By now you have probably seen my insinuation of something interesting via Twitter, a la #FRED. A few weeks back I was listening to some chatter and it popped into my head as an idea to examine further, where I see a round-table session on the future of emergency services. It apparently has some traction because I have heard from some of you all pretty regularly about it. But while I envision what it could be, I just don't see it in the same format as what a bunch of people seem to keep suggesting, so I figured I'd write about it in more length here and see what pops up.
First off, I see that the issues of emergency response are very similar. Someone has a problem that exceeds their resource level, be it knowledge base, ability, skill, equipment or whatever, and we have the means to help them. So while the service we provide differs between fire response, rescue response, emergency medical response, or disaster response, these are all areas in which our shared resources make a difference in the community. Thus, FRED.
Now before anyone asks, "Where is law enforcement?" I will tell you. When I came up with this I didn't see them involved, but now I don't even know and have been thinking that especially in regard to homeland security, we need to be closer partners than we already are. So maybe we need to make room at the table for them too. Or maybe all of this is wrong. The question is, do you have an open enough mind to the possibilities and are you willing to share ideas, not ridicule, and not be an elitist? Do you have the ability to check your ego and be willing to believe anything is possible?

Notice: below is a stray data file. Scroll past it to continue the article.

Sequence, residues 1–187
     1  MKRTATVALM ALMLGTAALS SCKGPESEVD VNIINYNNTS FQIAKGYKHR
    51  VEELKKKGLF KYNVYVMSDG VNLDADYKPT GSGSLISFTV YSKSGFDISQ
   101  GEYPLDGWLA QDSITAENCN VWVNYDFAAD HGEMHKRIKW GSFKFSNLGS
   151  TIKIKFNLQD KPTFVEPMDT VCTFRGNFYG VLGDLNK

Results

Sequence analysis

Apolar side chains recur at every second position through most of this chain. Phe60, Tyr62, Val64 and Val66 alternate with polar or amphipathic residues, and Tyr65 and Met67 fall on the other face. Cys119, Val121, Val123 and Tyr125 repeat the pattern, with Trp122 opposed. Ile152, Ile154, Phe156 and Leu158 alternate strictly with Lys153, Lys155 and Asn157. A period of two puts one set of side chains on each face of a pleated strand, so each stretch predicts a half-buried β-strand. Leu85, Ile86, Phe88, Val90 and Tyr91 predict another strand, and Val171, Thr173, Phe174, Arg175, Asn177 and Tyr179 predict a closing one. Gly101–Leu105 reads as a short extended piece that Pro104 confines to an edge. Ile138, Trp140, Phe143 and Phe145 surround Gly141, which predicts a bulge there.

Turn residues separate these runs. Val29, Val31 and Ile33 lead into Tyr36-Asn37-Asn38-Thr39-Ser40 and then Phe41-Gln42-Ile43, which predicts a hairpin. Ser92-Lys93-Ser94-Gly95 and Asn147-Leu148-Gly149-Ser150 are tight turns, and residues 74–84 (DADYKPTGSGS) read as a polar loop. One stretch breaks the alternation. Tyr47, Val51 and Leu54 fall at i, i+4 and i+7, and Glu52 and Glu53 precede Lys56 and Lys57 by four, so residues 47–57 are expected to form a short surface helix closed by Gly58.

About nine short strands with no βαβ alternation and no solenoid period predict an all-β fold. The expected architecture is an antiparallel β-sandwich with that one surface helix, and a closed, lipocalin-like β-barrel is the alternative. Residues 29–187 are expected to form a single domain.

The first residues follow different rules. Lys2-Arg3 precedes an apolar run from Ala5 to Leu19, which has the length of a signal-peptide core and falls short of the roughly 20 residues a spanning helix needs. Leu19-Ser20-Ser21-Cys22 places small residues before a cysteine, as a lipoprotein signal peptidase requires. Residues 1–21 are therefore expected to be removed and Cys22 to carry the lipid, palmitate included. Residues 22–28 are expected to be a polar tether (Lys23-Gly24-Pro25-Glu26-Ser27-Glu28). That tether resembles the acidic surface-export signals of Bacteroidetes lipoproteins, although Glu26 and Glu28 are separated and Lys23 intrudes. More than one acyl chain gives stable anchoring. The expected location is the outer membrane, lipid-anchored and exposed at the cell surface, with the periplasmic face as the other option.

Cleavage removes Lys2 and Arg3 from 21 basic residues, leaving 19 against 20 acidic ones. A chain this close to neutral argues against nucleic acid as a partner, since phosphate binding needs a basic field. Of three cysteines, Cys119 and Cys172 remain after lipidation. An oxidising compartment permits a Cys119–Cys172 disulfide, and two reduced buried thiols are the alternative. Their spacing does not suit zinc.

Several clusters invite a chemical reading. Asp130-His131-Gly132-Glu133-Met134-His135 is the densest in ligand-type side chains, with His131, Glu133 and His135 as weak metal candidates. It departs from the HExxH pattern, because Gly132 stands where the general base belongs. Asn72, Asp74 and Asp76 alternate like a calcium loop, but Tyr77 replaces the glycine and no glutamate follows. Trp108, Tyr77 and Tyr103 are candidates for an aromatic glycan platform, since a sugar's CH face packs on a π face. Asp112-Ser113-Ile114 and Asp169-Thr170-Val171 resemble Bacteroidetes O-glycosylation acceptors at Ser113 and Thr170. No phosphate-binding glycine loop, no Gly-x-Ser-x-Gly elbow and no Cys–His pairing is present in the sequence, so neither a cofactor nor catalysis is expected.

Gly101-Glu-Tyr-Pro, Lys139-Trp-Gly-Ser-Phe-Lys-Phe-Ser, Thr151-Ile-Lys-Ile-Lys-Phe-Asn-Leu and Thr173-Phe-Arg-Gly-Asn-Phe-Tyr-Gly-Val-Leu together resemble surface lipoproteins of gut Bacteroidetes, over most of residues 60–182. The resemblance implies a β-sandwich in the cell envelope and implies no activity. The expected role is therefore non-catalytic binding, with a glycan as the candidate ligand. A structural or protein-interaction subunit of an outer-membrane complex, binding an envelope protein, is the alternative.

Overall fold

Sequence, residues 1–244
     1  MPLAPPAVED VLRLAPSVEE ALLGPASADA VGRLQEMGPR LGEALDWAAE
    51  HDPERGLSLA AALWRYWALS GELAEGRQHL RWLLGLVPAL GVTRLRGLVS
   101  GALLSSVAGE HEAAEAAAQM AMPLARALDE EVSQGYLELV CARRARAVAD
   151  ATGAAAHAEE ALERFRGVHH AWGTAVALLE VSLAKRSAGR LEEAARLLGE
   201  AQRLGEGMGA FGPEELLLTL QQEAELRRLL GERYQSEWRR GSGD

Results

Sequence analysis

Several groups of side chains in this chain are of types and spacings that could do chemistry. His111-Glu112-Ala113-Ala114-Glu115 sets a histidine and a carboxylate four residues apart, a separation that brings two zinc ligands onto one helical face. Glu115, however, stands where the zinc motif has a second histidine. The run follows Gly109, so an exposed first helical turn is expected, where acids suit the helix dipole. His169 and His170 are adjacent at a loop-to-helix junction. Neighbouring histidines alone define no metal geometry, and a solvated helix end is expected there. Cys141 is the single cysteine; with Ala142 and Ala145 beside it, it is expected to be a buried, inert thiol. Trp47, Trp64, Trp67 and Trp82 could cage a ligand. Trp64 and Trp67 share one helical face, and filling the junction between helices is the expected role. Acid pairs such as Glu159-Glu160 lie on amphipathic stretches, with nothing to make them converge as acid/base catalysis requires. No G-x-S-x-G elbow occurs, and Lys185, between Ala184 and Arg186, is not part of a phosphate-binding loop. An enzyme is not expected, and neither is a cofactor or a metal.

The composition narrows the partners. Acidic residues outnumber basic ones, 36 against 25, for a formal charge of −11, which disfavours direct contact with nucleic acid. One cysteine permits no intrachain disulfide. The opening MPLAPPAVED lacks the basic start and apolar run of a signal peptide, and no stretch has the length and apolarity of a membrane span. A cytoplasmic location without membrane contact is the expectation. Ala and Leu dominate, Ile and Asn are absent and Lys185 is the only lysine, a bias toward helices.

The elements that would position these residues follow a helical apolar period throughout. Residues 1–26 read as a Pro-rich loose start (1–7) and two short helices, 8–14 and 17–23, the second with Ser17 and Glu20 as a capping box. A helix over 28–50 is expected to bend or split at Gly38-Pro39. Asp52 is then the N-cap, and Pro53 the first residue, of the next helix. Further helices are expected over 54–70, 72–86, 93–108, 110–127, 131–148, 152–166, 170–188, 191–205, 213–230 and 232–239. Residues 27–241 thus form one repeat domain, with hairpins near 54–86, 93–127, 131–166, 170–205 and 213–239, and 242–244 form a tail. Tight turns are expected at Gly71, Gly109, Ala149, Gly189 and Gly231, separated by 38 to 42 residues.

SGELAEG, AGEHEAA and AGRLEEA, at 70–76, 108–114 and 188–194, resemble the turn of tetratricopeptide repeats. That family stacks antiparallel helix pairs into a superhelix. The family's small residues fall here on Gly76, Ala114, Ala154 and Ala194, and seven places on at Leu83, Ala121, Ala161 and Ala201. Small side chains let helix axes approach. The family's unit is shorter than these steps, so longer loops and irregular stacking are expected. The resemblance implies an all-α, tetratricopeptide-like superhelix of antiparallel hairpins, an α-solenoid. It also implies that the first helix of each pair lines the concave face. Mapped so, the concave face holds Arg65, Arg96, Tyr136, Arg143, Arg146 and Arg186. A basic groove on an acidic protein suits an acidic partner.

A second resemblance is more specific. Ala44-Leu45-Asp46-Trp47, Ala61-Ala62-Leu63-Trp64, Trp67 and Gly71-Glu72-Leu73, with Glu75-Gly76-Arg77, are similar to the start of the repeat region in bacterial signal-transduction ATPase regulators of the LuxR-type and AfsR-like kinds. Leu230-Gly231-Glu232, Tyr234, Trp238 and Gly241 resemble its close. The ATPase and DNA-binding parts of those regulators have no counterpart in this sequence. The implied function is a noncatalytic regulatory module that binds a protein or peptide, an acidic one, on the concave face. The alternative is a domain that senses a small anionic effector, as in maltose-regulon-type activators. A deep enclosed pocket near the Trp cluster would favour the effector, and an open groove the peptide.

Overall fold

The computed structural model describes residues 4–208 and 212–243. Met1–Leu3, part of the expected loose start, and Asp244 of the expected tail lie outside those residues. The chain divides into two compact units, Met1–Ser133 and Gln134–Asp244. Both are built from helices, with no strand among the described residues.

When we were building the South Carolina US&R Task Force, I had a philosophy I shared with the other principals in the formation of the team and they embraced it as well, which helped us get to where that asset is today. I wanted to see our group be inclusive rather than exclusive. I envisioned that if someone really wanted to be part of the team, whether they were in a small department or a big department; career or volunteer; EMS, fire, or both or none; or regardless of prior experience – we wanted them. We wanted desire to commit to excellence over technical skill because honestly, if you have the desire to do a great job but not the skills, we can teach you the skills. If you have skills but a crappy attitude, there's not much I can do to change your crappy attitude.
Likewise in this endeavor; if you want to learn, this is going to be a forum to do so. But it's on a grander scale than whether we get a new fire truck next year. The vision I want to discuss is what we see the future of delivering emergency service to be.
I have begun to research some places in which we can host a round-table situation and how to best moderate it. It might be a panel of individuals, it might be sessions leading up to a grand session, or it might be something I haven't thought of personally and you will come up with it. But the storm of change is coming and no matter how hard the sparrow beats his wings, he can't stop the rising winds. I think we have the readers on Firehouse Zen who get it and really want to be the agents of that change.